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UK industrial production declines for second month

By Oliver Haill

Date: Friday 07 Apr 2017

UK industrial production declines for second month

(ShareCast News) - UK industrial production and manufacturing output both unexpectedly worsened in February, according to official figures on Friday, their second consecutive month in decline.
The Office for National Statistics said industrial production fell 0.7% month-on-month, on top of a revised 0.3% decline the month before and missing the consensus forecast for a 0.2% rise.

Year on year this meant growth slowed to 2.8%, versus the 3.7% expected rise from the revised 3.3% rate in January.

Manufacturing production slipped 0.1% month-on-month, which was an improvement on the 1% fall the previous month but some way from the 0.3% increase the market was expecting.

Compared to last year, manufacturing production in February was up 3.3%, having been predicted to rise 3.9% after a 2.6% gain in January.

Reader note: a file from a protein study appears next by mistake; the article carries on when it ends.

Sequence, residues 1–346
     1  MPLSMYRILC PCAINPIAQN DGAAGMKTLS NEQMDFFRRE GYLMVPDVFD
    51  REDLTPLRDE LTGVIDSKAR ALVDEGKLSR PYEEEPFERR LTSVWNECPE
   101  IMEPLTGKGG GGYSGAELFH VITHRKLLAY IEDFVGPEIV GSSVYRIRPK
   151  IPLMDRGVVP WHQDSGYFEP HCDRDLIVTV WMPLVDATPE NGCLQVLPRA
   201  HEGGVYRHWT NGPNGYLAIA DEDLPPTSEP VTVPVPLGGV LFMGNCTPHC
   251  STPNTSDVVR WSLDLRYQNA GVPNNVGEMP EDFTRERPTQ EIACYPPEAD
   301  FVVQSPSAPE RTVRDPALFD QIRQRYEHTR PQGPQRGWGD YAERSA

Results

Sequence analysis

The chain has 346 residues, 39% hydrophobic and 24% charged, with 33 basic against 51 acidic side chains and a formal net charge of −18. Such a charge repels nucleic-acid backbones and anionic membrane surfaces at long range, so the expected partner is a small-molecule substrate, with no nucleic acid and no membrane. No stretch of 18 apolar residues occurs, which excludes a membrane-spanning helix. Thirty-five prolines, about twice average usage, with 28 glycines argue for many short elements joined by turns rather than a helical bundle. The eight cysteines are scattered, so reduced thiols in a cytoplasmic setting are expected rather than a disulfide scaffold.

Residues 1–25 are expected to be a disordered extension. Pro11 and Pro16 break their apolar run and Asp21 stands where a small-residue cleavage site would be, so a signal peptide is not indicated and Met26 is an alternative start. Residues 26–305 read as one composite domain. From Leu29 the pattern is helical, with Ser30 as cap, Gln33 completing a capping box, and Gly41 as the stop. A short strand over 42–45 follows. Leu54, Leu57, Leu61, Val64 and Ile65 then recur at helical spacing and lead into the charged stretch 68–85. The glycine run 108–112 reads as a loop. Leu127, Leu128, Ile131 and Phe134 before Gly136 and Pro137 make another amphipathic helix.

The construction sector was also down, the ONS revealed, with new work off 3.3% month-to-month in February, the biggest drop since June 2012, and private housing work down by 2.8%.

The soft data revived the Bank of England (BoE) doves and backed the idea that the inflation alone may not be a sufficient reason to raise the interest rates in the UK, said analyst Ipek Ozkardeskaya at London Capital Group, noting that the pound was quickly sold off to $1.2430.

The disappointing package of data fuels suspicion that GDP growth slowed markedly, largely due to consumers becoming more cautious, said Howard Archer at IHS Markit.

"We suspect UK GDP growth in the first quarter of 2017 slowed to 0.4% quarter-on-quarter from 0.7% quarter-on-quarter in the fourth quarter of 2016 - this would be the weakest growth rate since the first quarter of 2014."

Capital Economics said the data on industrial production and construction supported over evidence that the economy has lost a little momentum in Q1. "But growth is likely to have remained fairly solid."

Construction has been one of the biggest losers from the Brexit vote, said economist Sam Tombs at Pantheon Economics, as well as the industrial slip.

"Manufacturers have responded to uncertainty about the UK's future trade links by reducing investment sharply. Output, however, fell in all major sectors; commercial, infrastructure and public sector work."


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